Public attitudes about labor unions have been largely stable since the start of the battles in Wisconsin and other states. A Pew Research poll last week found favorable opinions of unions outnumbering unfavorable opinions by a 47%-to-39% margin, essentially unchanged from a poll conducted in early February. But the battles have energized union households and liberal Democrats. Among both groups, very favorable attitudes about unions jumped sharply in the past few weeks.Most polls have found majorities opposed to recent efforts to limit or eliminate collective bargaining rights for public employees. A late February Pew Research poll about the Wisconsin dispute found 42% siding more with the public-employee unions than with the governor (31%). Despite recent Republican criticism of public-sector unions, Pew Research's polling has found little difference in opinions about public-sector vs. private-sector unions.Attitudes about all of the parties involved in labor disputes -- governments, labor unions and businesses -- are significantly more negative today than they were a decade ago. But half or more of the public believes that labor unions have had a positive impact on conditions for all American workers, and only a minority believes that union agreements give union workers unfair advantages. Still, the public has mixed views of the impact of unions on workplace productivity, the global competitiveness of U.S. companies and the availability of good jobs in the country.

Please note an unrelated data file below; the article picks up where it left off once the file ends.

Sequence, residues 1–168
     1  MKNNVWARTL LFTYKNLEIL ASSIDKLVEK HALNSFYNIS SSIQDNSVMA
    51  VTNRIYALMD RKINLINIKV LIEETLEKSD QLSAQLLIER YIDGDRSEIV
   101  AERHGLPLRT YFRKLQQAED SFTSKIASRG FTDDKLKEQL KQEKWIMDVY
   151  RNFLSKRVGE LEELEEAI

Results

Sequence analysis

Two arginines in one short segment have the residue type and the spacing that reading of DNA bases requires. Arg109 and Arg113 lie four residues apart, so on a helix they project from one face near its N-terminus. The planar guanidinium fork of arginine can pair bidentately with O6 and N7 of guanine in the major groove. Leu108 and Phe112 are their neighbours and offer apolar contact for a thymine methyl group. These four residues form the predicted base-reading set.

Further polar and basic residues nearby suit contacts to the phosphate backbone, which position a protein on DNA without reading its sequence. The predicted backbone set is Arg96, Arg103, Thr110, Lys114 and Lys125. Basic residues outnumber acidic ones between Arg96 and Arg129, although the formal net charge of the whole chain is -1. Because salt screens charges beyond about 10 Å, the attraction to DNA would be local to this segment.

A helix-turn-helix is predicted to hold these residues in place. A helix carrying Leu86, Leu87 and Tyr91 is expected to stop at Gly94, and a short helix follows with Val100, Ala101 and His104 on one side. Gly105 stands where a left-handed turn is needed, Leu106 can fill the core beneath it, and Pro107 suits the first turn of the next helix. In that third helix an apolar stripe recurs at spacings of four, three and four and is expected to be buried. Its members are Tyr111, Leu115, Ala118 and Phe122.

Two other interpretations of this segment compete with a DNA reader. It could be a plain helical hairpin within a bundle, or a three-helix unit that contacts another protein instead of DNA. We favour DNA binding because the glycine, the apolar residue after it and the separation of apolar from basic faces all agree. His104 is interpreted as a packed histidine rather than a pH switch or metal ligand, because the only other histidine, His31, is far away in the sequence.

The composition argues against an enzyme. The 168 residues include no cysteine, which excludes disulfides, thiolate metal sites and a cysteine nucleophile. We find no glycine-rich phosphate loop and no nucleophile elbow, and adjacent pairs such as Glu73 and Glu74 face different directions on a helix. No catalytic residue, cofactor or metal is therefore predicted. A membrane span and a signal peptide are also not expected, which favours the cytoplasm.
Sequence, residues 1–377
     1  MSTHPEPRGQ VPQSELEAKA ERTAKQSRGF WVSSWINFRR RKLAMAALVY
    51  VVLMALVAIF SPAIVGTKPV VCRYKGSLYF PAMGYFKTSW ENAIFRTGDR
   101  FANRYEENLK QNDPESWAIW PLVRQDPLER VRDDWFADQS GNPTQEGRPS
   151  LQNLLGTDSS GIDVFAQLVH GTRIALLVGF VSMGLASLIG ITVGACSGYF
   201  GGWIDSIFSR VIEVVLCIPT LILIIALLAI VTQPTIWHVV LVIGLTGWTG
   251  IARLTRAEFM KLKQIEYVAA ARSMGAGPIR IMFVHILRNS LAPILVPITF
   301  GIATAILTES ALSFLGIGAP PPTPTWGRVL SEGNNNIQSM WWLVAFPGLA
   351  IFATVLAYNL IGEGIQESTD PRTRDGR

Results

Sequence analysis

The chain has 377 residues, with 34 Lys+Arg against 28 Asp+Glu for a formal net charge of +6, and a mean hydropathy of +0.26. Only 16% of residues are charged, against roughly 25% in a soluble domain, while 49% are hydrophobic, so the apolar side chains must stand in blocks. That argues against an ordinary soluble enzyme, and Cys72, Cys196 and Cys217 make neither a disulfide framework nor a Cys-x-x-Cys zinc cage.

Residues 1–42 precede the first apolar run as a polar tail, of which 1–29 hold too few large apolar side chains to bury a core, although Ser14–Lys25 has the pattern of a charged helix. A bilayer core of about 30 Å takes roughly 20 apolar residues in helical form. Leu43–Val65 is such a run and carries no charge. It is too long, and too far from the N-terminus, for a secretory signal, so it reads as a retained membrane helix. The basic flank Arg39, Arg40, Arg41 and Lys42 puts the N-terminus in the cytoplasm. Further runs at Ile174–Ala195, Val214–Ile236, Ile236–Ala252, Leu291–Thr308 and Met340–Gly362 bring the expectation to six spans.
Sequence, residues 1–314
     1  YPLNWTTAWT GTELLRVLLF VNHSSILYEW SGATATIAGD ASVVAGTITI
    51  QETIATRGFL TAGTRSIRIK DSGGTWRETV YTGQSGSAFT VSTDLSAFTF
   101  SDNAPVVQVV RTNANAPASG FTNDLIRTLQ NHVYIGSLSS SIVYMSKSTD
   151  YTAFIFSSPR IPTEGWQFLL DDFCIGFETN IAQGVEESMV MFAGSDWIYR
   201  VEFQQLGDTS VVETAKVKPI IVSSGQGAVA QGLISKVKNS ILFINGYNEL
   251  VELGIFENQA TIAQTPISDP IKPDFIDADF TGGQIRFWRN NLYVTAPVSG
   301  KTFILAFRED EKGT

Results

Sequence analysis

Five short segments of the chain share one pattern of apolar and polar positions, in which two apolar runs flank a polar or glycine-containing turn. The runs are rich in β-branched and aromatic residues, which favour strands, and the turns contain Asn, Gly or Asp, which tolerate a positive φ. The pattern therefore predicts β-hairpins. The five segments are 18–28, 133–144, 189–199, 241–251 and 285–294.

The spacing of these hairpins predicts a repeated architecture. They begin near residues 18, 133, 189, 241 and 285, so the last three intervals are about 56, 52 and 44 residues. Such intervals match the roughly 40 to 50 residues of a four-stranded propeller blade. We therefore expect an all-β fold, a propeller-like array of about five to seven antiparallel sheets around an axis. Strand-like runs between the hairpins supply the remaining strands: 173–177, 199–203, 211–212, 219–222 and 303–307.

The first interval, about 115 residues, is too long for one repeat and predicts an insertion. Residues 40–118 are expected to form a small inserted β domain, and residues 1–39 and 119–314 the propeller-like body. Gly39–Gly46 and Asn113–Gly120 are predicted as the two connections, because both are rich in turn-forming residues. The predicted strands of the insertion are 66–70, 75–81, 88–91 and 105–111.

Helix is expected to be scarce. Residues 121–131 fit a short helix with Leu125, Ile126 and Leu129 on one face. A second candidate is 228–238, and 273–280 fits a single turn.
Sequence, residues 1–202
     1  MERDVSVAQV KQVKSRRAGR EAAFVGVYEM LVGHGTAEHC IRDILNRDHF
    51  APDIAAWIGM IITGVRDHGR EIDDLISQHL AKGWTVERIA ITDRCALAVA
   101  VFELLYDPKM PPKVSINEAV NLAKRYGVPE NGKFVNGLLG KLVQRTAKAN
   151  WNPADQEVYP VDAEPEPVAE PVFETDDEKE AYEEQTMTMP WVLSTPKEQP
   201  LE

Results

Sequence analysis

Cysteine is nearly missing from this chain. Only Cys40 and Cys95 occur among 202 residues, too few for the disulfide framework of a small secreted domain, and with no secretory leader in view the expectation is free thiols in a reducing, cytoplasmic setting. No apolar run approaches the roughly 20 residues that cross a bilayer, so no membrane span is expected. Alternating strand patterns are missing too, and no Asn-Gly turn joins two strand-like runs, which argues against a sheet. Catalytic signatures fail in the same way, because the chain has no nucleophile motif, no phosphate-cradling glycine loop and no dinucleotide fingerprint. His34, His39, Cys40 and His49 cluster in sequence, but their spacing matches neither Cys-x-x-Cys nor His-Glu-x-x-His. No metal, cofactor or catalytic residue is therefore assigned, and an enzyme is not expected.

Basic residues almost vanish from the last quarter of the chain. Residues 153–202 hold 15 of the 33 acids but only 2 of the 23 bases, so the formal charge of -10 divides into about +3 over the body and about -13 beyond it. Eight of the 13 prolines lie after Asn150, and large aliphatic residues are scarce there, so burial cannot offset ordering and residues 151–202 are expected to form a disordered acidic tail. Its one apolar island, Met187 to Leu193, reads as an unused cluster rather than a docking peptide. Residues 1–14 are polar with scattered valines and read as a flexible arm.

Looking at the controversy over pay for government workers, 35 percent say the pay is "about right," while 15 percent say it is too little and 42 percent say it is too much.
To reduce state budget deficits, collective bargaining for public employees should be limited, 45 percent of American voters tell the independent Quinnipiac (KWIN-uh-pe-ack) University poll, while 42 percent oppose limits on collective bargaining. But voters say 63 - 31 percent that government workers should pay more for benefits and retirement programs.
Efforts by governors to limit collective bargaining rights are motivated by a desire to reduce government costs rather than to weaken unions, voters say 47 - 41 percent.
Quinnipiac put the collective bargaining rights dispute in context as a potential way to reduce the state budget deficit. Pew described the entire issue as a collective bargaining dispute and never mentioned the state budget deficit. When the deficit is mentioned, the governor does much better; when it’s all about limiting collective bargaining rights, the unions do better.